In case of the main performers in the film, they try as much as they can do for filling their respective roles. While Matthias Schoenaerts diligently handles his part, Léa Seydoux manages to leave some impression despite her thankless role, and the same thing can be said about the other notable performers in the film including Colin Firth, Michael Nyqvist, Peter Simonischek, August Diehl, and Max von Sydow.

While it is competent on the technical level, “Kursk” does not impress me much on the emotional level, and it is a minor disappointment compared to director Thomas Vinterberg’s previous works such as “The Hunt” (2012) and “Far From the Madding Crowd” (2015). To be frank with you, these two films are better works in my inconsequential opinion, and I assure you that you can have a better time with either of them.


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I Dream in Another Language (2017) ☆☆☆(3/4): Two old men and a fading language


Mexican film “I Dream in Another Language” is a haunting story about two old men and a fading fictional language shared between them. As gradually revealing the past between them, the movie provides several mesmerizing moments of poetic beauty and dreamy myth along with vivid local atmosphere to be savored, and the result is certainly one of the most gorgeous films I saw during recent years.

At the beginning, the movie shows us the arrival of a young linguist named Martín (Fernando Álvarez Rebeil) in a small rural village. He comes here for studying and preserving a local language called Zikril, but there are only three people in the village who can speak Zikril at present, so he wants to get as much as from these people before they pass away.

Two of these people are willing to help Martín. Because Isauro (José Manuel Poncelis), an old man who has lived alone at the fringe of the village for more than 50 years, cannot speak Spanish, Flaviana (Norma Angélica), an old lady who can speak both Spanish and Zikril, accompanies Martín for translation, and we soon see Martín enthusiastically recording a conversation between Flaviana and Isauro.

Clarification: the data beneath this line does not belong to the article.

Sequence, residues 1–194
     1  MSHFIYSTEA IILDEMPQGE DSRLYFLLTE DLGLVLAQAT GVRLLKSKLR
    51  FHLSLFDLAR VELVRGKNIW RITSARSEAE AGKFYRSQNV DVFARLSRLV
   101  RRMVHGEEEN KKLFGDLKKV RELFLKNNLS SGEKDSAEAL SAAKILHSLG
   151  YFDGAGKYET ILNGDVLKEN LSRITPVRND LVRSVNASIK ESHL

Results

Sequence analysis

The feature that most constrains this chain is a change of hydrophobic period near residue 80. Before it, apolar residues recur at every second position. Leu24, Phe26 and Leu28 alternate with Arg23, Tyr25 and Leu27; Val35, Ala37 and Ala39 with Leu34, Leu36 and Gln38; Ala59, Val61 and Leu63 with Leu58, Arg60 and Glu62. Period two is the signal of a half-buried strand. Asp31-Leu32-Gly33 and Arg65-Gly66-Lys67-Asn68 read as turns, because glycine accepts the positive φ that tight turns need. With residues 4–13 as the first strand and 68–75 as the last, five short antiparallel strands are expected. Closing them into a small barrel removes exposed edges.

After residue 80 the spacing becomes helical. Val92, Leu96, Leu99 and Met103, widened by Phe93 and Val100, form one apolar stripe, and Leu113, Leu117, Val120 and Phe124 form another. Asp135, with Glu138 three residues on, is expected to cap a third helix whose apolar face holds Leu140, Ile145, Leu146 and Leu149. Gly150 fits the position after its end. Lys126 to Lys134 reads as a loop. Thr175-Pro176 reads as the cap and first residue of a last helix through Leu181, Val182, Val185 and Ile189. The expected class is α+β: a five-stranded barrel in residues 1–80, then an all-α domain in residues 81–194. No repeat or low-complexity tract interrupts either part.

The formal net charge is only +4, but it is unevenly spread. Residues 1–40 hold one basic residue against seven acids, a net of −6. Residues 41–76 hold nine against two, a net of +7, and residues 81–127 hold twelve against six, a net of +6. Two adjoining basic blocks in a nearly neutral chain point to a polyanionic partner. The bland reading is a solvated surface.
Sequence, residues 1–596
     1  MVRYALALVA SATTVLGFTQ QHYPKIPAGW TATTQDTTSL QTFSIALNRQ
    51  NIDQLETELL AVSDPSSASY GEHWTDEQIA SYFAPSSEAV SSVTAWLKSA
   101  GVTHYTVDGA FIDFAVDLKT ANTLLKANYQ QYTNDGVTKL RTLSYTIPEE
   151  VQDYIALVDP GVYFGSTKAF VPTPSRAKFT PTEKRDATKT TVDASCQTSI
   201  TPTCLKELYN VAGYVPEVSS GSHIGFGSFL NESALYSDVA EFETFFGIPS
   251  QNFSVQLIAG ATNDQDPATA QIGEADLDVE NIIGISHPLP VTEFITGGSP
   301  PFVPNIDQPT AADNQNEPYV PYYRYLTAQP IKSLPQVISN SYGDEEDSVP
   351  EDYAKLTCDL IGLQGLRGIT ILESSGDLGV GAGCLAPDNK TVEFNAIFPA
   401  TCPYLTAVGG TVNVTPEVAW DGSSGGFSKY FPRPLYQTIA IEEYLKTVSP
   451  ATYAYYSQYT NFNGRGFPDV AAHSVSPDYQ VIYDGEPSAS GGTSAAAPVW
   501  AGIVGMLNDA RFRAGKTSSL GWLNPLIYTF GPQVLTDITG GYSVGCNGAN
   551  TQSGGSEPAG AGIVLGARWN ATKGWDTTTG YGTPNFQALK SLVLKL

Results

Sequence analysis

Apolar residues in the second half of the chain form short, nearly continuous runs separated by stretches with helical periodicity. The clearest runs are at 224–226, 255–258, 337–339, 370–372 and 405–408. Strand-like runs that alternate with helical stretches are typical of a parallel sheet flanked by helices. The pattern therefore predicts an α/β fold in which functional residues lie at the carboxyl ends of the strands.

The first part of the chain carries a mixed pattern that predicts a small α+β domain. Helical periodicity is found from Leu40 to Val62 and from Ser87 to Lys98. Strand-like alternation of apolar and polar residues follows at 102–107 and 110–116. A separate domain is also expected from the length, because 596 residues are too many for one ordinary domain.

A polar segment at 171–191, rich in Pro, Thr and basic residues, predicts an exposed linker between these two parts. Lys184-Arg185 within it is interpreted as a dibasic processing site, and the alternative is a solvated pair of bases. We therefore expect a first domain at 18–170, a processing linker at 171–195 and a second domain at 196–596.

However, Flaviana suddenly dies not long after that, so Martín has to seek for help from Evaristo (Eligio Meléndez), an old grumpy guy who is now the only village resident who can speak both Spanish and Zikril. Because Evaristo previously refused to get involved with Martín’s research due to the longtime personal animosity between him and Isauro, Martín tries to be tactful as much as possible in his request, but Evaristo firmly rejects Martín’s courteous request again, and that certainly frustrates Martín a lot.


At least, Martín gets some help from Evaristo’s granddaughter Lluvia (Fátima Molina), who has ironically taught an English lesson on a local radio program. While Martín is willing to spend more time in the village for getting to know about its culture and language, Lluvia has been eager to get out of the village and go to US, but that personal difference between them does not inhibit much the growing mutual attraction between them, and they soon go to the next logical step not long after Martín eventually manages to get the agreement from Evaristo thanks to Lluvia, though Evaristo strictly forbids Martín to get closer to her.

When Evaristo finally comes to Isauro’s small shabby cabin along with Martín, it looks like the animosity between them still remains strong as before. Isauro seems to be willing to talk with his old friend, and it looks like Evaristo has some regret over Isauro, but Evaristo eventually walks away from the scene without saying much while Martín feels baffled and frustrated again with this failure to communicate between these two old men.